HC Deb 08 July 1952 vol 503 cc1270-80

12.29 a.m.

Motion made, and Question proposed, "That this House do now adjourn."—[Major Conant.]

Mr. A. Blenkinsop (Newcastle-upon-Tyne, East)

I regret that I should have to keep the House a little longer this evening, and in particular I regret that the Parliamentary Secretary, who, I know, has had a heavy day, has to stay another half an hour to deal with what I hope he will regard as an important subject falling under the control of his Ministry. I hope he will also agree that it is not a matter which ought to be the subject of party political dispute. It is a subject which has aroused great interest among many people, whose views I want to put to him.

It seems to me that the Ministry, and those concerned, for the present, with the inauguration of the National Parks, speak in a different language from other people. When the Ministry, or sometimes the Parliamentary Secretary, talk about the parks and their administration, they seem to be talking of different things from what many of us mean, and it is to try to clear up some of these points that I am anxious to have a reply from the Minister.

The "Manchester Guardian," in a leading article yesterday, put this point about the difference of attitude towards National Parks. It said that if the Minister could make a clear statement as to what he understood by the term "National Parks" in this debate, the debate would be of value.

I hope we can go further. I hope we can impress upon the Minister this morning the serious concern that is being shown about this matter among many groups of people all over the country. We are prepared to encourage the hon. Gentleman and his right hon. Friend to change their minds as to the broad purpose and character of National Parks because it seems to be so necessary.

I want to take this opportunity of reminding the hon. Gentleman of what John Dower originally said in his Report. Unfortunately, he died some years ago but I am proud to regard him as having been a great friend. He said: A National Park may be defined, in application to Great Britain, as an extensive area of beautiful and relatively wild country in which, for the nation's benefit and by appropriate national decision and action, (a) the characteristic landscape beauty is strictly preserved, (b) access and facilities for public open-air enjoyment are amply provided, (c) wild life and buildings and places of architectural and historic interest are suitably protected, while (d) established farming use is effectively maintained. That conception of the essentially national value of these parks was stressed also in the Hobhouse Report when they said that the administration should be for the nation's benefit by appropriate national decision and action. Clearly, National Parks must be national in fact as well as in name.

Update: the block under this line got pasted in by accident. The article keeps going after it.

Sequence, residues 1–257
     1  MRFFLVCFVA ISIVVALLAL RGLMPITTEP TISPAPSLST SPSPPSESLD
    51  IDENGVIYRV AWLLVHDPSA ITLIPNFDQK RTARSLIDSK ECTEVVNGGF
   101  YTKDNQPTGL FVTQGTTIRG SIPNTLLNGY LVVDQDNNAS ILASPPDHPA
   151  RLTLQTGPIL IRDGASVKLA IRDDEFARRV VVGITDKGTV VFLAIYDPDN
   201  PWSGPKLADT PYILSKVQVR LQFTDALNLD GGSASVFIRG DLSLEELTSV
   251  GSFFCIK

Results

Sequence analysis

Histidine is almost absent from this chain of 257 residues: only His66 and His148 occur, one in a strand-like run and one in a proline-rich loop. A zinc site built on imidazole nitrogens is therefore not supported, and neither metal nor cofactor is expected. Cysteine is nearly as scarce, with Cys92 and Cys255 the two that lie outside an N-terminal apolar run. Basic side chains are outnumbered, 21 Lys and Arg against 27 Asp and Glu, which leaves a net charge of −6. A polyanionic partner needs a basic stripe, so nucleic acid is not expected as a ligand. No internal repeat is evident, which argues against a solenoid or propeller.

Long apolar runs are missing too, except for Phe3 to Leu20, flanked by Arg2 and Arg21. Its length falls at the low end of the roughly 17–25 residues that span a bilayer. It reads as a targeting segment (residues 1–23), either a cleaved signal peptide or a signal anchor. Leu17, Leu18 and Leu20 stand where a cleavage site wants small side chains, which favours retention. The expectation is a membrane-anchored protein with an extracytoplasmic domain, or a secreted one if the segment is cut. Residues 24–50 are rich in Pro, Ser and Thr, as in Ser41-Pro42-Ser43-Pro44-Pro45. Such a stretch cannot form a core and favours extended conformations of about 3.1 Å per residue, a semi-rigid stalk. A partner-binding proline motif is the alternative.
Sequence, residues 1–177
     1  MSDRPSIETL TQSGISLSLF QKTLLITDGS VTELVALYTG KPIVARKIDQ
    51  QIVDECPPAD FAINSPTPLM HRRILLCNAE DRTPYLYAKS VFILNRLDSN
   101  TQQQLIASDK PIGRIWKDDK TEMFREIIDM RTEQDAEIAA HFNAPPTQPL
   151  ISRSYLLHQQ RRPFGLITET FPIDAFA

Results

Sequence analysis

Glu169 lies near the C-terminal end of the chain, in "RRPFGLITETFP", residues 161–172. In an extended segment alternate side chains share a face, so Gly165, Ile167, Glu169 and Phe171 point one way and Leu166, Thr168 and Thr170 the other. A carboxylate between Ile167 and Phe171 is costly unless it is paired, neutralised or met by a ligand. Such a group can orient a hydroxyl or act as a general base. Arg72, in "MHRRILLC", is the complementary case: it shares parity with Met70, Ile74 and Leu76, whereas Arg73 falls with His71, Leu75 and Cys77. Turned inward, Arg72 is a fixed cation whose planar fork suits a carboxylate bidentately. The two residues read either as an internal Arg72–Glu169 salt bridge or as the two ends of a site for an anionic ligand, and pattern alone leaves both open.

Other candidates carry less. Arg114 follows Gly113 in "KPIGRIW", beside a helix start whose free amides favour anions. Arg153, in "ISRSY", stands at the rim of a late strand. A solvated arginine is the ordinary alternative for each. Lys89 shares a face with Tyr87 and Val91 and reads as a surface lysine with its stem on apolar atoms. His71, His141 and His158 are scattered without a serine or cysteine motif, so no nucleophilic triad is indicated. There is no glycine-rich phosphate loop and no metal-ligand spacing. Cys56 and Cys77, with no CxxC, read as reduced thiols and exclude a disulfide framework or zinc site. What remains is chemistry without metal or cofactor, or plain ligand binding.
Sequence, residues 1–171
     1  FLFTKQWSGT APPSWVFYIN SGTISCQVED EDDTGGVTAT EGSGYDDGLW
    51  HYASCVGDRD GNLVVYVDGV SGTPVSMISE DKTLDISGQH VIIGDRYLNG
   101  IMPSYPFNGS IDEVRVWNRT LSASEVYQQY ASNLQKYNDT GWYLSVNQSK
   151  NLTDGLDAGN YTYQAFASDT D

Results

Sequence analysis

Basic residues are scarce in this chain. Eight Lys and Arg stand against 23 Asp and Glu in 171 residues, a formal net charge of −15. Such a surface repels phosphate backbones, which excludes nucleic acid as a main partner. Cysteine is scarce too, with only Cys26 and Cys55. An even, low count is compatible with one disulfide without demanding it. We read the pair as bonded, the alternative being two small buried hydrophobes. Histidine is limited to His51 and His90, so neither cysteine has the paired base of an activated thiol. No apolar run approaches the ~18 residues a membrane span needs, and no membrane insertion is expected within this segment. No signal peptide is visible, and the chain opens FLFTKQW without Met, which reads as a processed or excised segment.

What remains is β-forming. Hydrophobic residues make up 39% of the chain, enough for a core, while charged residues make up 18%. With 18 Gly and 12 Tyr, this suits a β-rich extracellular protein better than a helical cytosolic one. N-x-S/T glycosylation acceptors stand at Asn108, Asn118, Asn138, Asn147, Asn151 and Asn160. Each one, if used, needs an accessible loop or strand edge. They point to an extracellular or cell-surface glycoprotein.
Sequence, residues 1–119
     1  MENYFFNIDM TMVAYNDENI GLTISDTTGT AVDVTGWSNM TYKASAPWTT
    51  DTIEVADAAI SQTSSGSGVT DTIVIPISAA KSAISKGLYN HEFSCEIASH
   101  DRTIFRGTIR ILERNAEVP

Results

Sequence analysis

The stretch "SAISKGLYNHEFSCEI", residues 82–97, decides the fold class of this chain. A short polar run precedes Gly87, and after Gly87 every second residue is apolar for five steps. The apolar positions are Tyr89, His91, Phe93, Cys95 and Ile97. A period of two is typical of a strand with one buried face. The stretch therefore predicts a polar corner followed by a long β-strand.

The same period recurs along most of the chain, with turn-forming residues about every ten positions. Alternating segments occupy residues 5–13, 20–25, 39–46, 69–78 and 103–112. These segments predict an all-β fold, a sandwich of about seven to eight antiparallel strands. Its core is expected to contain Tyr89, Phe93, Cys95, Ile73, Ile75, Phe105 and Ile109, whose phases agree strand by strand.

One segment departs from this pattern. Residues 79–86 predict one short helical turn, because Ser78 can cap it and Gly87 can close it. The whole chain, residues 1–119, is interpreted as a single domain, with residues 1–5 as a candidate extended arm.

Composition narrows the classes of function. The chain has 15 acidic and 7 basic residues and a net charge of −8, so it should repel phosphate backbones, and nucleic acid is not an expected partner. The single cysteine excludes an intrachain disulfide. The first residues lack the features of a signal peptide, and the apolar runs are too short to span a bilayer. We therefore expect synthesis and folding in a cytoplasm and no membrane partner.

That is the point I wish to put to the Parliamentary Secretary now. It appears to many of us that these National Parks are becoming not much more than local parks. This danger was stressed when the National Parks Act was discussed in this House some time ago. That Measure made many concessions to the position of local authorities. For example, in that Act we provided that the Commission, instead of having wide powers, was little more than an advisory body. Again, it provided that the joint boards or committees to be set up for certain parks were to have only one-third national representatives, two-thirds being from the local authorities. So the interests of the local authorities were amply protected and hon. Members on both sides of the House at the time said they had real fears about whether these National Parks were not fiction.

What has happened since the Act was passed? We find that during these last few years there has been continued pressure upon successive Ministers to whittle away even the small amount of representation that was provided. For example, we find that when it was proposed to set up the Peak National Park, there was strong pressure upon the Minister to provide merely for an advisory committee without any really effective powers. That pressure was withstood and a joint planning board was set up. And, what is of real significance, a planning officer was appointed with reasonable financial resources. Because of that independent board and proper planning officer with some financial provision, it has been a most successful board in the Peak District and we are all conscious of the excellent work done in that case.